Vancomycin HydrochlorideOther Names: Vancocin, vancomycin HCl Drug Class: Opportunistic Infections and Coinfections
What is vancomycin hydrochloride?
Vancomycin hydrochloride is an antibacterial prescription medicine approved by the U.S.(FDA) for the treatment of infections caused by Clostridium difficile and Staphylococcus aureus.
Clostridium difficile and Staphylococcus aureus are bacteria that cause opportunistic infections (OIs) of HIV. An OI is an What is an Opportunistic Infection? fact sheet.that occurs more frequently or is more severe in people with weakened immune systems—such as people with HIV—than in people with healthy immune systems. To learn more about OIs, read the
How is vancomycin hydrochloride used in people with HIV?
The Guidelines for the Prevention and Treatment of Opportunistic Infections in Adults and Adolescents with HIV include recommendations on the uses of vancomycin hydrochloride to treat Clostridium difficile infection and community-acquired Staphylococcus aureusin people with HIV.
The recommended uses may not always be consistent with FDA-approved uses of vancomycin hydrochloride. See the guidelines for complete information on recommended uses of vancomycin hydrochloride in adults and adolescents with HIV. Some recommended uses, such as uses in certain rare circumstances, may have been omitted above.
What should I tell my health care provider before taking vancomycin hydrochloride?
Before taking vancomycin hydrochloride, tell your health care provider:
- If you are allergic to vancomycin hydrochloride or any other medicines.
- About any medical conditions you have or have had.
- About anything that could affect your ability to take medicines, such as difficulty swallowing or remembering to take pills, or any health conditions that may prevent you from receiving medicine by .
- If you are pregnant or plan to become pregnant. Talk to your health care provider about the risks and benefits of taking vancomycin hydrochloride during pregnancy.
- If you are breastfeeding or plan to breastfeed. Do not breastfeed if you have HIV.
- About other prescription and nonprescription medicines, vitamins, nutritional supplements, and herbal products you are taking or plan to take. Vancomycin hydrochloride may affect the way other medicines or products work, and other medicines or products may affect how vancomycin hydrochloride works. Ask your health care provider if there are interactions between vancomycin hydrochloride and the other medicines you take.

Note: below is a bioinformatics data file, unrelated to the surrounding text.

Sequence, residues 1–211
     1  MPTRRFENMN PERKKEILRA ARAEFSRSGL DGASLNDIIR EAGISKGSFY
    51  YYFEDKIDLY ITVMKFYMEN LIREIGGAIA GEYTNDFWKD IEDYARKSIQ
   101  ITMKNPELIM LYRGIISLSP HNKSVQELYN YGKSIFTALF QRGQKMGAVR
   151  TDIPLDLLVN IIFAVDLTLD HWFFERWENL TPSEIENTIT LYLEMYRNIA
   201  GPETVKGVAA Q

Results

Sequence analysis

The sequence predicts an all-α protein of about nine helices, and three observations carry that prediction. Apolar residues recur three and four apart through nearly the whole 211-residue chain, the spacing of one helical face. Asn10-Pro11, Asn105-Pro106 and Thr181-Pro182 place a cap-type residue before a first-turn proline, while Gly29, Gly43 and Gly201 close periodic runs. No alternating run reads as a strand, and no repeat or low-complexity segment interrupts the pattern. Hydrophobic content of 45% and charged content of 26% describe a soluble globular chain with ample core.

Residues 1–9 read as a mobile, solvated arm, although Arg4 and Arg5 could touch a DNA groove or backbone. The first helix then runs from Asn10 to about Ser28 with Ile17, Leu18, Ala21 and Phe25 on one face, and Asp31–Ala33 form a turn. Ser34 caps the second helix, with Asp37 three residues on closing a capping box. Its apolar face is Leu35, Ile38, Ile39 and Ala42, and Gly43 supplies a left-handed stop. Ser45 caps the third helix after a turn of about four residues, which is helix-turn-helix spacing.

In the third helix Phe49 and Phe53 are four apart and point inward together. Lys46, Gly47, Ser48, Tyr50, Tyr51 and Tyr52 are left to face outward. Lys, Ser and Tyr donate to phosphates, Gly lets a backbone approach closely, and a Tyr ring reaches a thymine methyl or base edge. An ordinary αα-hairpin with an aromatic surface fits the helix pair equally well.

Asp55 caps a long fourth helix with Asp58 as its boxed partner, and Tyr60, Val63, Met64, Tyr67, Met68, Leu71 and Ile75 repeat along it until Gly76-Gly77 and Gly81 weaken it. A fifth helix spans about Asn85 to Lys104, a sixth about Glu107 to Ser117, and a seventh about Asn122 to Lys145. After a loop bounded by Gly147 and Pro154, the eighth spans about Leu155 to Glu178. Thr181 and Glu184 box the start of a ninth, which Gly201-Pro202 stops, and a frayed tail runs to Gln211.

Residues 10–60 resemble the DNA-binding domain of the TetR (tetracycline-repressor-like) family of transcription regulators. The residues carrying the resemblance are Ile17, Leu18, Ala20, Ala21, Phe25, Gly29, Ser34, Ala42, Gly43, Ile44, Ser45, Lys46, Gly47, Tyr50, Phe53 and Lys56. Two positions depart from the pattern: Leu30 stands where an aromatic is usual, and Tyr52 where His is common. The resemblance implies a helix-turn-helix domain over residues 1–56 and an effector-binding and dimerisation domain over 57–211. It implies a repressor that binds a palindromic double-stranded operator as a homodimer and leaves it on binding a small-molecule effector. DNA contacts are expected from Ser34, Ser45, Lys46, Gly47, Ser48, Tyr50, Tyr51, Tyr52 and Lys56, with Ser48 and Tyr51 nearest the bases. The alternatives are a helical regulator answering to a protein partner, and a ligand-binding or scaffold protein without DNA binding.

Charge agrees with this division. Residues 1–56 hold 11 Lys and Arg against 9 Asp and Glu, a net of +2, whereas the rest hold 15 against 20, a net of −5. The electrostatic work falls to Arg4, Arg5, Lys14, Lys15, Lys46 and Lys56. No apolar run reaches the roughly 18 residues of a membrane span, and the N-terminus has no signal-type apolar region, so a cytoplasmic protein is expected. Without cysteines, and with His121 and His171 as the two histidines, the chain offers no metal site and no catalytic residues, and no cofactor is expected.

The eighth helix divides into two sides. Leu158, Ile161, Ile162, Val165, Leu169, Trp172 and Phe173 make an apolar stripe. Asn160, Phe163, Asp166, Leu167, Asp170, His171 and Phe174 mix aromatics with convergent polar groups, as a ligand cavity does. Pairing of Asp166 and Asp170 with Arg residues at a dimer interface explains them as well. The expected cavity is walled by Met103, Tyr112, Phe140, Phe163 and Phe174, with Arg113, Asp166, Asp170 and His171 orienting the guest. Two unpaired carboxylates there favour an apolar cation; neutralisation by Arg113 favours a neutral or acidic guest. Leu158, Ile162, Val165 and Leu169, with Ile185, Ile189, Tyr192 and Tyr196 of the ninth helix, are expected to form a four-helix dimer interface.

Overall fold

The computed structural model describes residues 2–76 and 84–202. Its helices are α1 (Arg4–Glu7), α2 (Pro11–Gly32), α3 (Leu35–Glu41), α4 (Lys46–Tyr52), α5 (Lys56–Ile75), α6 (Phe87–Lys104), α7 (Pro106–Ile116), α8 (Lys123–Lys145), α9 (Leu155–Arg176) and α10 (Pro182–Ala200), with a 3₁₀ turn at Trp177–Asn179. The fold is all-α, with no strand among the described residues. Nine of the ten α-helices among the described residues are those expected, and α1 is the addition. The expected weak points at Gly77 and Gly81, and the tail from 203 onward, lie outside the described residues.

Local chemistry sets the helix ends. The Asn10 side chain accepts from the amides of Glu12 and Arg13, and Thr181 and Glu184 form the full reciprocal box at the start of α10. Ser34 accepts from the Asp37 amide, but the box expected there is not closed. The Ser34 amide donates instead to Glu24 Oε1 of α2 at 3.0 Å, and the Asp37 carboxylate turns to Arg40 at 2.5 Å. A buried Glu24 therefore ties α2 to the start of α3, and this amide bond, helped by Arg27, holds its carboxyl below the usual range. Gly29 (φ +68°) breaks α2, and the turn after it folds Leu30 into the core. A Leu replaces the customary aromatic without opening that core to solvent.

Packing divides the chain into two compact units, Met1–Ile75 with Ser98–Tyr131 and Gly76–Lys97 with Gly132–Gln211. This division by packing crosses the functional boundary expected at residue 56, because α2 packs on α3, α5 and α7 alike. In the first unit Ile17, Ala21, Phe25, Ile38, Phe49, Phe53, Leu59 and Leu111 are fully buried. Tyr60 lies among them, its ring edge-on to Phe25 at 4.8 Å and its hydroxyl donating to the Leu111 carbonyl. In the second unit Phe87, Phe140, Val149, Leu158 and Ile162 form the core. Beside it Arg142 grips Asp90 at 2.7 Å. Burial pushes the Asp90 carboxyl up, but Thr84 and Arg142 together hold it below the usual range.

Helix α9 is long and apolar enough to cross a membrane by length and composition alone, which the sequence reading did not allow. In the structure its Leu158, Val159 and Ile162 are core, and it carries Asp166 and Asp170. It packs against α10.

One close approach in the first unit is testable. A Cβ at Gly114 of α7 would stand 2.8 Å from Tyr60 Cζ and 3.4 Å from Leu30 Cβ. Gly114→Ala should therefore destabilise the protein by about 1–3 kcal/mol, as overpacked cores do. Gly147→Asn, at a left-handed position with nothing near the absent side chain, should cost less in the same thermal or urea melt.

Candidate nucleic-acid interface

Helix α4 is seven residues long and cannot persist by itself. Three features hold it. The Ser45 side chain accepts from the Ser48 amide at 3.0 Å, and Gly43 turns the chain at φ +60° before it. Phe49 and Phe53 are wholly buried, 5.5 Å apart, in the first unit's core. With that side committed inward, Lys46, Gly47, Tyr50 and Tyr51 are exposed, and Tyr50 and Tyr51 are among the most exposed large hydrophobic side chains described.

How should I take vancomycin hydrochloride?
Take vancomycin hydrochloride according to your health care provider’s instructions. Your health care provider will tell you how much vancomycin hydrochloride to take and when to take it. Before you start vancomycin hydrochloride and each time you get a refill, read any printed information that comes with your medicine.
How should vancomycin hydrochloride be stored?
- Store vancomycin hydrochloride capsules between 59°F to 86°F (15°C to 30°C).
- Store vancomycin hydrochloride injection at or below -4°F (-20°C). See the vancomycin hydrochloride injection label for instructions on how to thaw the containers before use.
- Keep vancomycin hydrochloride in the container that it came in and keep the container tightly closed.
- Do not use vancomycin hydrochloride if the original seal over the container opening is broken or missing.
- Throw away vancomycin hydrochloride that is no longer needed or expired (out of date). Follow FDA guidelines on how to safely dispose of unused medicine.
- Keep vancomycin hydrochloride and all medicines out of reach of children.
Where can I find more information about vancomycin hydrochloride?
More information about vancomycin hydrochloride is available:
- Recommendations on the HIV-related uses of vancomycin hydrochloride, from the Guidelines for the Prevention and Treatment of Opportunistic Infections in Adults and Adolescents with HIV, prepared by the , the , and the HIV Medicine Association of the Diseases Society of America
- Vancomycin hydrochloride-related research studies, from the AIDSinfo database of study summaries
Last Reviewed: October 21, 2019